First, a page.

The Wilderness Research Center (WRC) at the University of Idaho, now headed by Dr. Keith Russell, continues to produce high quality adventure therapy research publications. The WRC website is well worth a visit http://www.ets.uidaho.edu/wrc/. Two notable recent publications which are available from the WRC website are:
Russell, K. C. (2001). Assessment of Treatment Outcomes in Outdoor Behavioral Healthcare.
Moore, T. & Russell, K. C. (2002). Studies of the use of wilderness for personal growth, therapy, education and leadership development An annotation and evaluation.

11. Outward Bound International Steps Up With A New Website and Newsletters

High quality research and information content is needed not only in academic journals, but also in widely read websites and newsletters. Outward Bound International has recently stepped up the quality of its publication efforts by revamping its website at http://www.outward-bound.org/ and quarterly newsletter, plus added monthly practitioners newsletter at http://www.outward-bound.org/ne_sub1_news.htm. Also see links to other interesting e-newsletters produced by outdoor education organizations at http://www.wilderdom.com/publications.html#npjournals.

12. Outdoor Education Authors on the Web

If every person who conducted OE research made their work available on the web, searching and finding material would be much more efficient. So credit should be given to those who generously make content available for others on the net. In doing so, these individuals help to grease the wheels of scholarly knowledge about outdoor education. What follows is a necessarily subjective, and probably controversial, ranking of 10 the top authors of scholarly outdoor education information currently on the web

1. Roger Greenaway - http://reviewing.co.uk/index.htm - Greenaway's guide to Active Reviewing substantial website continues to maintain its status as the premier information website for information for both practitioners and researchers in experiential and outdoor education.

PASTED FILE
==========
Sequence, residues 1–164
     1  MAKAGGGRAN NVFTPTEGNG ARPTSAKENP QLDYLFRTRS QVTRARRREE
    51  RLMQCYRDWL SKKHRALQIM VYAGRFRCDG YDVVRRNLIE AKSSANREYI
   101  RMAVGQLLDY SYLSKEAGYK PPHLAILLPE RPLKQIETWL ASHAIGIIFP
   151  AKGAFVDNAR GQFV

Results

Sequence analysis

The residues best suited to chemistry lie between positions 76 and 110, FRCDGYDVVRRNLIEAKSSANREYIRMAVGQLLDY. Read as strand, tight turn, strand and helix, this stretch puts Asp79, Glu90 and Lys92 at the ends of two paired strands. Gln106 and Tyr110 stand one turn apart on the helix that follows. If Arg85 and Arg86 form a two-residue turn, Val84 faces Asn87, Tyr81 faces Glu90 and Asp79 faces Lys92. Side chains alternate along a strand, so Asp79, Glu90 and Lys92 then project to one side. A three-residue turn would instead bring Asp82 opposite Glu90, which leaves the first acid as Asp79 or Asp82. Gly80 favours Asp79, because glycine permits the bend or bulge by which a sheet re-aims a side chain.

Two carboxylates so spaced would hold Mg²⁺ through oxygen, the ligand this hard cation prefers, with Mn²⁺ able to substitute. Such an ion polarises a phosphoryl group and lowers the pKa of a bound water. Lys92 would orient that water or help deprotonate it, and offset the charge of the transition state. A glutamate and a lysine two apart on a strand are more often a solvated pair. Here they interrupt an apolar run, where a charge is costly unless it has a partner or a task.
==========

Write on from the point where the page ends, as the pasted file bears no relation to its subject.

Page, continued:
2. Rick Curtis - http://www.outdoored.com - This up and coming website aims to be everything to everybody with regard to OE information on the net, which seems to be both its strength and weakness. On Curtis' site you can probably find something about what you're looking for if its related to outdoor education.

3. James Neill - Outdoor Education Research & Evaluation Center - http://www.wilderdom.com/research.html - This site focuses on providing information and downloadable content to help support research in outdoor education. Neill also provides downloads of his own publications from a separate page at http://www.wilderdom.com/JamesNeillpublications.htm.

4. Lee Gillis - Adventure Therapy Web, Georgia State College - http://fdsa.gcsu.edu:6060/lgillis/AT/ - This site continues to be the quintessential reference site in the field of adventure therapy.

5. Simon Priest - http://members.tscnet.com/pages/experien/ - provides important access to information about Outdoor Management Development program research during the 1980's and 1990's, however the content has not been updated in recent years

6. Ron Watters - http://www.ronwatters.com/ - well constructed website with downloads of OE articles developed written over a period of 25 years

7. William Borrie - University of Montana - http://www.forestry.umt.edu/personnel/faculty/borrie/research/default.htm - Interesting series of papers on various aspects of understand the nature of wilderness experience, including philosophical and research oriented papers.

8. Keith Russell - Wilderness Research Center - http://www.ets.uidaho.edu/wrc/ - is emerging as a high quality content download site for outdoor behavioral healthcare research conducted by the WRC.

9. Randall Grayson - Vision Realization - http://www.visionrealization.com/Resources/resources.html - contains expansive, user-friendly content for those interested in research, evaluation, and practice in providing high quality camps.

10. Kurt Hahn - http://www.kurthahn.org/ - Who would have thought that Kurt Hahn would one day make his presence felt on the web. Thanks to Kurt Hahn's grand niece, Liz Cunningham, full text copies of Kurt Hahn's speeches and other useful quotes, links, and so on are provided at the Kurt Hahn.org website.